Spain. Spain took a very incremental approach on its stem cell policies. From 1988 to 2003 the Techniques of Assisted Reproduction Law only permitted research on embryos which were non- viable. The law was amended in 2003 to address the overflow of embryos which had been frozen. Couples could donate the embryos in storage for research. In 2006, the law was again amended giving couples the choice of donating their embryos to other couples, keeping them in frozen storage, donating them for research, or discarding them. In 2007, the law was amended to allow therapeutic cloning for studies aimed at curing disease. Public funding for research is available through the Carlos III Health Institute. Private sources of funding include the ESADE and the Carlos Crespo Banchero Foundation.

Sweden. Research on human embryos is permitted up to 14 days after fertilization under the 2005 Genetic Integrity Act; therapeutic cloning is also permitted. Couples undergoing IVF treatment cannot donate surplus embryos to other couples; they must be discarded if not used for research. The debates in parliament were quite vociferous in passing the 2005 law being played out in the media daily. The issue of when life begins versus the potential of research involving ESCs kept the bill on the political agenda. Members of the Social Democratic Party had the majority of votes for passage of the bill, while efforts to repeal the law were cogent, the law remains today. Public funding is available from the Swedish Research Council and private funding from the Swedish Cancer Society, NovaNordisk, and the Swedish Diabetes Foundation.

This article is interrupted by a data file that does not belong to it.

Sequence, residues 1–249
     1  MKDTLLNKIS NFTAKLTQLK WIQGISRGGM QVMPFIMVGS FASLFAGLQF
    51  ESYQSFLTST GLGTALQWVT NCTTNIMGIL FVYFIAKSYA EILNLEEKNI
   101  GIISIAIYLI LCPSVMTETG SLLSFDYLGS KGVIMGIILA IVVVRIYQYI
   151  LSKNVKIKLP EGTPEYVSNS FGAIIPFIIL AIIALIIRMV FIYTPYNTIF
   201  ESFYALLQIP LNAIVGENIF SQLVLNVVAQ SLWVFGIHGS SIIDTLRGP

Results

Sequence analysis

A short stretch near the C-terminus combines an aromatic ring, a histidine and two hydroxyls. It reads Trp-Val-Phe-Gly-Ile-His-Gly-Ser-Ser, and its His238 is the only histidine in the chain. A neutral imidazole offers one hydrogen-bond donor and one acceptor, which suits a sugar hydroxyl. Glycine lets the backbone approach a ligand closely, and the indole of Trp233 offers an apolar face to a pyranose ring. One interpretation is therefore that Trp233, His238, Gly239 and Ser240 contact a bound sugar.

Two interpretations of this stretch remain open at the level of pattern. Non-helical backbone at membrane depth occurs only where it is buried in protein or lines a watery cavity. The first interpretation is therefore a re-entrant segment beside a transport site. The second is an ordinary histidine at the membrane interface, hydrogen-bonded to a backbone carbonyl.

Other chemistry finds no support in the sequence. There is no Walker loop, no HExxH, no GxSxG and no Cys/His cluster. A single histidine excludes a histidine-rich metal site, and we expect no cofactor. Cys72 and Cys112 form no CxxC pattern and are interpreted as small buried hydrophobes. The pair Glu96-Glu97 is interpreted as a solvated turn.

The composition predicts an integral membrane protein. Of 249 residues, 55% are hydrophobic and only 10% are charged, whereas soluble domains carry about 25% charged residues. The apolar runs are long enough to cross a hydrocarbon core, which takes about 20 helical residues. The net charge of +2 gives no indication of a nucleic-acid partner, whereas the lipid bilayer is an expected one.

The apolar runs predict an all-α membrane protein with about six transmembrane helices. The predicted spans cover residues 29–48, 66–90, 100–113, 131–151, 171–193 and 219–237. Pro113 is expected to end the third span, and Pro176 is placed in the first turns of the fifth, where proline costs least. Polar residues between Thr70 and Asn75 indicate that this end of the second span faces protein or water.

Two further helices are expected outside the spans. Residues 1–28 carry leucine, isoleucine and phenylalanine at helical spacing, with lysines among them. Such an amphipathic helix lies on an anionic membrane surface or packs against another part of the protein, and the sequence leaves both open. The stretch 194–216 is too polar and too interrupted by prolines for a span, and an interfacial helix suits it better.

Switzerland. All types of cloning are prohibited in Switzerland under the Federal Constitution of the Swiss Confederation and any form of commercialization of human embryos is prohibited. The Loi federale relative a la recherche’ sur les cellules souches embryonnaires (Federal Act of Research involving human ESCs) allows surplus human embryos to be used for research with the stipulation that the embryos shall not be older than 7 days post-fertilization . Research proposals involving the use of human embryos must be approved by the Research Office and the Commission of Competent Ethics. Public sources of funding include the Swiss National Science Foundation and the Commission of Technology and Innovation. Private sources of funding include the Latsis Foundation, Maecenas Foundation, and the Louis-Jeantet Foundation.

The Netherlands. Research is permitted on human embryos under the Embryos Law of 2002 if they are no older than 14 days post-fertilization and the research project has been approved by the Central Commission. Public sources of funding include the Netherlands Organization for Scientific Research and the Dutch Funding Agency for Applied University Research. Private funding agencies include the Netherland Chest Foundation and Nederlandse hartstichting.